Cyberpunk has evolved. Into something better? Maybe. Maybe not. Certainly different if nothing else. But here’s the awesome part: It’s been hiding right under our noses the entire time.

Read more (and check out Time Heist)

 

Excerpts of: William Burroughs, “The Western Lands”

The Western Lands    Pageflex Persona [document: PRS0000035_00020]

Today, instead of writing my own post, I’m sharing a post from Rudy Rucker’s blog, which begins:

Some notes on the book’s contents.
(1) The “Western Lands” of the book’s title come from Egyptian mythology about the afterlife. Supposedly, beyond the Land of the Dead, lies a heavenly Elysium: the Western Lands.
(2) Burroughs often goes off on these great riffs like you’d find at the start of a story or novel—such as a detective story, or a science fiction tale, or an exotic adventure novel about explorers in the jungle. He slips smoothly into the genre conventions, but then begins warping them, and ultimately he drops the riff once he’s gotten all the juice from it that he wants. He just about never bothers to really wrap up a sequence or bring it to a full conclusion. I especially noticed a lot of great science-fiction twists.

Source: Excerpts of: William Burroughs, “The Western Lands”     Read More

 

Don Lee is a Rock Solid Fan

Don Lee at the final resting place of Richard Sharpe Shaver, displaying some of the many books dedicated to the Shaver Mystery

Don Lee at the final resting place of Richard and Dorothy Shaver, displaying some of the many books dedicated to the Shaver Mystery

Here is one of the best articles about Richard Shaver that I’ve seen in a long time. All the older Shaver articles are great and sometimes I reread them, but here’s a guy who recently went out and did something. This is up-to-date. The guy’s name is Don Lee. He also publishes a newsletter called “Real Weird.” You can order a copy for $5.00 or offer to trade your own zine by writing to: Don Lee, 185 N. Main St # J, Eureka Springs, AR 72632

Richard Toronto introduces the piece like this:

It’s rarer still, that a fan drives to nearby Yellville and the old Layton Cemetery to put flowers at the Old Man’s grave, but that’s what Arkansas fan Don Lee did on April 11, 2015. Which is why Don has been named Shavertron’s “Fan of the Year.”

Click here to read more

Beautiful pictures, by the way…

Don Lee Shaver House

The Parallel Blog Effect

Parallel book cover    Time Heist book cover

There is a blog called Red Eagle’s Legacy, and on that blog, there is an interview with Anthony Vicino, who has a blog called One Lazy Robot. Anthony Vicino is also the author of a novella that I enjoyed reading, called Parallel. I thought, why don’t I route the blog with an interview about a book and another blog through my blog – maybe the end result will be atomic fission. Or maybe not. Time will tell.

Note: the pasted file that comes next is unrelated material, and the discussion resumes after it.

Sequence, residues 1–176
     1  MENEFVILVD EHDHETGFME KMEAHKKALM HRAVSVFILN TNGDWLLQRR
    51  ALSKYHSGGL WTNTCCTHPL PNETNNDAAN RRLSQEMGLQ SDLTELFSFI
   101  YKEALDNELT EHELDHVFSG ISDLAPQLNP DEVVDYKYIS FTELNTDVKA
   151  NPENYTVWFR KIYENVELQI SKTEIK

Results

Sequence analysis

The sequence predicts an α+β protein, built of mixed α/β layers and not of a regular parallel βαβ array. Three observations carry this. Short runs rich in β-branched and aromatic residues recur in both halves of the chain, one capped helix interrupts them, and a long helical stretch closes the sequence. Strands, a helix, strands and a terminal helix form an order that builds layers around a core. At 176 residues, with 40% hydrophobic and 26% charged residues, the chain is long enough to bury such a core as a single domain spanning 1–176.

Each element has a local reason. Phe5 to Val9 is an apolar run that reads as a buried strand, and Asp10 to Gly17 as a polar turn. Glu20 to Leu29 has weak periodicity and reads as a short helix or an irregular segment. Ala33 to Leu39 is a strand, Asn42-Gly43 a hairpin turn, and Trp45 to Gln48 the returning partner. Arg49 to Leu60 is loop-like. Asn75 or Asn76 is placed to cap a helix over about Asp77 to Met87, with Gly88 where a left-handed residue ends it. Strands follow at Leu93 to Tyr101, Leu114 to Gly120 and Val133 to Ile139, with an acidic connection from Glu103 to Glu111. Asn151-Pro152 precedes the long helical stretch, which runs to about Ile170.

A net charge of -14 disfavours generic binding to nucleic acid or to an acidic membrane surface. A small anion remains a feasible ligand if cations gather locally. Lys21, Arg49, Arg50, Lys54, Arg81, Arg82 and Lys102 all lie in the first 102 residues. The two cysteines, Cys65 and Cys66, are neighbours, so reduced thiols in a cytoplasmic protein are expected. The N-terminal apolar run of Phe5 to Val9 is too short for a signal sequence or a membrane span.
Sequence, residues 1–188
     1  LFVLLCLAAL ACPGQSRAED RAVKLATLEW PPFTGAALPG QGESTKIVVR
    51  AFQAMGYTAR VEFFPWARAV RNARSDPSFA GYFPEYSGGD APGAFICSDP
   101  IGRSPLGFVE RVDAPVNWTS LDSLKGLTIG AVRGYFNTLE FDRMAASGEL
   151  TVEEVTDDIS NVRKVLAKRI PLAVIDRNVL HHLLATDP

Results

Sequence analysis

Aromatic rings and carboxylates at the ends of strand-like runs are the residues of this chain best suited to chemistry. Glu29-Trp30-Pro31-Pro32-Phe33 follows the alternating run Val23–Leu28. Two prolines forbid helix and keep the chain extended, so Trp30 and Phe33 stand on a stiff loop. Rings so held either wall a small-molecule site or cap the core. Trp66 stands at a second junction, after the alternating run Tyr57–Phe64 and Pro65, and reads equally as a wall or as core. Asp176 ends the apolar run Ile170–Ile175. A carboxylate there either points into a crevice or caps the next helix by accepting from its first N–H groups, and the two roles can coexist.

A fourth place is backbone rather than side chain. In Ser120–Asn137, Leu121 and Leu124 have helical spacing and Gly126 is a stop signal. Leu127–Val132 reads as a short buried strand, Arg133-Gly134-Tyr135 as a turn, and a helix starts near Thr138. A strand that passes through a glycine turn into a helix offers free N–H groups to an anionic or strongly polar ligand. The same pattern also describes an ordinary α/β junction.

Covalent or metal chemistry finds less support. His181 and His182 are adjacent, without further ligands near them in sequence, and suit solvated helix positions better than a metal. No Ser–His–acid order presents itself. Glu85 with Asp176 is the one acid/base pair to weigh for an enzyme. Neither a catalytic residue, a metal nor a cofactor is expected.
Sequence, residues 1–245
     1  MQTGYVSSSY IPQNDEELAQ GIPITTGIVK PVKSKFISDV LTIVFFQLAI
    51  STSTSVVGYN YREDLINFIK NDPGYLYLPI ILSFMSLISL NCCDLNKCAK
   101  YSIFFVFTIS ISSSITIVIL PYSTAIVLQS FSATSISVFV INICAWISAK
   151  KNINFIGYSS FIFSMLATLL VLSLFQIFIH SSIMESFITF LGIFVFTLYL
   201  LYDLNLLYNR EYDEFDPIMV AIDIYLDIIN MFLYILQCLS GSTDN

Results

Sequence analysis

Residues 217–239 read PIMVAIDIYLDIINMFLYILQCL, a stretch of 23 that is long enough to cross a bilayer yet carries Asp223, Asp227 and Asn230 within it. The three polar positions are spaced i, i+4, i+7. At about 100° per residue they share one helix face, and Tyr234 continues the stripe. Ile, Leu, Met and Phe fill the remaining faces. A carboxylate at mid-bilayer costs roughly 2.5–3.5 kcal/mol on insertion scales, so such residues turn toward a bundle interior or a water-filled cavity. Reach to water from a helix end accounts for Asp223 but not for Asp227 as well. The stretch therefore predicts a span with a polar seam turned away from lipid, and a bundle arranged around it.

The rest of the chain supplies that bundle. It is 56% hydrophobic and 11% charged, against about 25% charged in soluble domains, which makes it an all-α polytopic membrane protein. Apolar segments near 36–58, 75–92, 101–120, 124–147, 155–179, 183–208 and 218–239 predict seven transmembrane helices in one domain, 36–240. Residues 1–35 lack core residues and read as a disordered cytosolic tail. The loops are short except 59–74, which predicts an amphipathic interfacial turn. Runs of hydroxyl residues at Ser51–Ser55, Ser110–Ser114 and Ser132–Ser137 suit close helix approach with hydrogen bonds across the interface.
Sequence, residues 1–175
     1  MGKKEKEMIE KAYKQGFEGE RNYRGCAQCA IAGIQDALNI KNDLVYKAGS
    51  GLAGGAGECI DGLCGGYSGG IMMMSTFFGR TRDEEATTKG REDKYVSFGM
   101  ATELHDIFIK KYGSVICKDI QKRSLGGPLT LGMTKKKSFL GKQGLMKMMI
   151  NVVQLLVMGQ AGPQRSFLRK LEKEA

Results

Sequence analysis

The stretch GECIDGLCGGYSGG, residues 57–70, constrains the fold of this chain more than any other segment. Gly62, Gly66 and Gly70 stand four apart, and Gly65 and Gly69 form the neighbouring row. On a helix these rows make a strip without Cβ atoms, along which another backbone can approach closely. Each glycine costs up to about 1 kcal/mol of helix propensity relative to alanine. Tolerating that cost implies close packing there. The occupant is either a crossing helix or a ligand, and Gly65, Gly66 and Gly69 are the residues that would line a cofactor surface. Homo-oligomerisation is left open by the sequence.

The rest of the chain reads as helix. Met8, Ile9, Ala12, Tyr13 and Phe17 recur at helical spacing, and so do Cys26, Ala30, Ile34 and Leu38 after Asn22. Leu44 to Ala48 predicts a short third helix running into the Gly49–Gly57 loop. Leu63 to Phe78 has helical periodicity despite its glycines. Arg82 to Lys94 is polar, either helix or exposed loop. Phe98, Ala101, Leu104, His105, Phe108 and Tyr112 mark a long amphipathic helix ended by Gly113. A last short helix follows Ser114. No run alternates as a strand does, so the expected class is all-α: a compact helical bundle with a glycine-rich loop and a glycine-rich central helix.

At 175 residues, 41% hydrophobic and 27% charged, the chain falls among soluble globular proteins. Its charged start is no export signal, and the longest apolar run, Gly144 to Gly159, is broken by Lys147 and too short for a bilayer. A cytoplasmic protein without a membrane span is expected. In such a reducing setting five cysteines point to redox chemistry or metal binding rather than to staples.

Here are a couple of excerpts from the interview:

REL: I really enjoyed the framework of the parallel dimensions. This sci-fi conceit has been used plenty of times by many different authors and screenwriters, but you used it in a very accessible way. Did you have any inspiration for this?

AV: If I’d written Parallel forty years ago it would’ve been a solid twenty pages longer filled with dense info-dumping. Readers back then simply didn’t have the frame of reference for it. I’m lucky that in the past twenty years there have been a lot of great television shows (Sliders and Fringe) playing with this very idea. As a story device it’s been flushed out enough in popular culture that you only have to lay the barest groundwork and people can jump right in and hit the ground running.

REL: Speaking of well used tropes which was written completely naturally, the Aurora/computer integration. Felt like this was one of the strongest parts of the story background. Your concept of the data integration to the mind just seemed obvious, but I’ve never quite seen it presented this way before. To me it felt like the natural step to where the future of technology is headed. Is that how you see it? Are future humans going to have more interconnection with computers? What’s the basic breakdown of your thought percentages? (i.e.. 5% to breathing, 40% to getting food, 50% wondering if the Marvel universe is actually good or just better than most low brow entertainment the public is fed, etc.)

AV: Oh man, my thought percentages would be so peculiar. I have pretty severe ADHD so I don’t multi-task very well. I work best when I focus one hundred percent on a single task until it’s finished and then move onto the next thing.

The thing I find fascinating about computer integration is that progress in this area is all about improving efficiency. We already interact with our computing systems (smart phones and computers), but we lose so much potential productivity simply as a consequence of how we’re interacting. The logical step is to remove the barrier between computer and brain, creating a symbiotic relationship between the two.